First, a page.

Number 7. – American Idiot – Green Day
Much has been said already about Green Day’s seventh album American Idiot. The most common description of it is a “punk rock opera” but this far too overblown a term in my opinion. It is a concept album about America under Bush, following the story of three characters, Jesus of Surburbia, St Jimmy and Whatsername and using this to comment on the state of their home country. This ambitious concept is pulled off very successfully and has finally lead to Green Day being taken seriously by a public and press who had written them off as dumb punks with nothing to say. Sound-wise, American Idiot goes for a bigger stadium rock sound which compliments its weighty themes. Rather than presenting the opinions of any of the story’s characters, this is Green Day’s own view of their home country, making it the perfect introduction. Inevitably, with its Bush baiting lyrics and honest criticism of America, the song has put a lot of people’s backs up. The blindly patriotic and more right wing listeners have written off the song’s lyrics as “immature” and “naïve”, while even some fans of the band have turned their back on it while they unerringly salute the flag that has come to stand for such amoral and bigoted values under the rule of George W. Political matters aside, however, “American Idiot” is Green Day’s best single for ages. From its verses in which every line is punctuated by a blazing riff, through its hummable chorus and the brilliantly muted final verse, “American Idiot” is classic Green Day. Everybody do the propaganda!
Number 6. – Blast Tyrant – Clutch
When a band embarks on a shift towards a new musical direction, sometimes it takes them a while to make a successful transition. Maryland rock act Clutch know this all too well. Clutch’s fifth album is, in essence, a continuation of the path they started to stomp down with The Elephant Riders, but a continuation that saw the band learning from their mistakes. Littered with Sabbath-styled grooves and topped off with the band’s now trademark brand of hard-driving rock, this album is perhaps the group’s catchiest and most straight-forward to date. Clutch had begun to galvanize their strengths into one solid attack, and Blast Tyrant really saw their compacting pay off, as the songs are undeniably accessible while also sounding primarily simple on the surface. In terms of production, Blast Tyrant is perfect and the band have managed to capture the feel of the band’s live power, without sounding too lo-fi, while adding all the studio flourishes without ever sounding overproduced. Musically; Blast Tyrant is fairly centred on big rock songs especially in the beginning, however there is enough noodley jamming and occasional acoustic moments later on for variety resulting in an album which flows perfectly from beginning to end. Fans who only like the band’s earliest albums may take many listens to acclimatize to it; but for 99% of people Blast Tyrant is an instant classic, that you won’t be able to stop yourself from loving.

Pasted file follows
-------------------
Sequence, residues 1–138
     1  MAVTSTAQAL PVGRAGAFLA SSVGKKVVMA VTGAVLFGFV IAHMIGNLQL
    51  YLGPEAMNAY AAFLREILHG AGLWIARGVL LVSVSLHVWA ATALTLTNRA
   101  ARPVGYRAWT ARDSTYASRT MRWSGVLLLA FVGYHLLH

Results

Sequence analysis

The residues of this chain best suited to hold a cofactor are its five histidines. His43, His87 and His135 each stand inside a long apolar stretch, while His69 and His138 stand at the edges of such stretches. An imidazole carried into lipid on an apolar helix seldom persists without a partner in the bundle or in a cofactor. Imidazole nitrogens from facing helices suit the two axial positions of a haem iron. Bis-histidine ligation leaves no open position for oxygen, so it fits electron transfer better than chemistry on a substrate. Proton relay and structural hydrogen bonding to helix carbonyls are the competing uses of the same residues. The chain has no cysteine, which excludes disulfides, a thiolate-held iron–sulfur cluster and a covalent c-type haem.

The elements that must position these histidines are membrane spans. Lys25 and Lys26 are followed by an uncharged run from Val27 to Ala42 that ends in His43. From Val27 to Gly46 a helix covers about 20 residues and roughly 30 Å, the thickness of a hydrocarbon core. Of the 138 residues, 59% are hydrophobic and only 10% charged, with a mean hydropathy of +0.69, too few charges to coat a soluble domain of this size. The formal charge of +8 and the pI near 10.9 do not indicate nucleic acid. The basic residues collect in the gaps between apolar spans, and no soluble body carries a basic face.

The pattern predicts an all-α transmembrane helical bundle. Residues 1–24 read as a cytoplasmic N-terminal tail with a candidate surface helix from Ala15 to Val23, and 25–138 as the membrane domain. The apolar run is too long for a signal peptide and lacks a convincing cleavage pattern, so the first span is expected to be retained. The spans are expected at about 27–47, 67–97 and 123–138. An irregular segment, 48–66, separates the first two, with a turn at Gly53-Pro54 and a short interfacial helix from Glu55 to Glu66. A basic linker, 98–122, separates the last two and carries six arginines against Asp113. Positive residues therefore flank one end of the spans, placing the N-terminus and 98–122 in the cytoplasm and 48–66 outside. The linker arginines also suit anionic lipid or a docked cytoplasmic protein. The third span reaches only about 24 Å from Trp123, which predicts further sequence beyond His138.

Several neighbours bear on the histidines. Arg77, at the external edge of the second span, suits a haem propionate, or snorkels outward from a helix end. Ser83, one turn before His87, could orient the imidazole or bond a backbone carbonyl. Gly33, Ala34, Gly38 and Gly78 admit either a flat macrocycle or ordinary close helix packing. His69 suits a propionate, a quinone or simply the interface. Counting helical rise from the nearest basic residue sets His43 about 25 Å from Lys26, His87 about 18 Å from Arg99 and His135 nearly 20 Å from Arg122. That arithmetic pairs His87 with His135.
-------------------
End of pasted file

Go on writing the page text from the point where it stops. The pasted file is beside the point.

Number 5. – Madvillainy – Madvillain
I think what surprised me most about Madvillainy was just how experimental it was. It’s incredibly different, unique, unconventional and like nothing I’ve ever heard. It’s most definitely an example of post-modern hip-hop at its most crazy and unpredictable. It’s just so different, when you first listen to it, you may not take to it right away. I know I didn’t, it took time and repeated listens for me to see its genius but believe me, it’s there and there’s nothing else quite like it. It’s an album that’s so fragmented, but that’s my favourite thing about it. The songs are really short and when you first listen to them they might not stick right away, but they’re full of ideas and creativity and I love that it just gets to the point. A lot of hip-hop albums are quite indulgent and overstay their welcome, but this one is the perfect length. Madvillainy is perfectly produced, the beats are incredibly inventive, unpredictable and unique. They’re abstract and jazzy which are my favorite kind of beats. The rapping and flow is incredibly lazy and sloppy which I adore, the sampling is absolutely genius and the lyrics are amazing. It contains some of my favorite lyrics to be put on a hip-hop album. An absolutely fantastic album, that’s near perfect.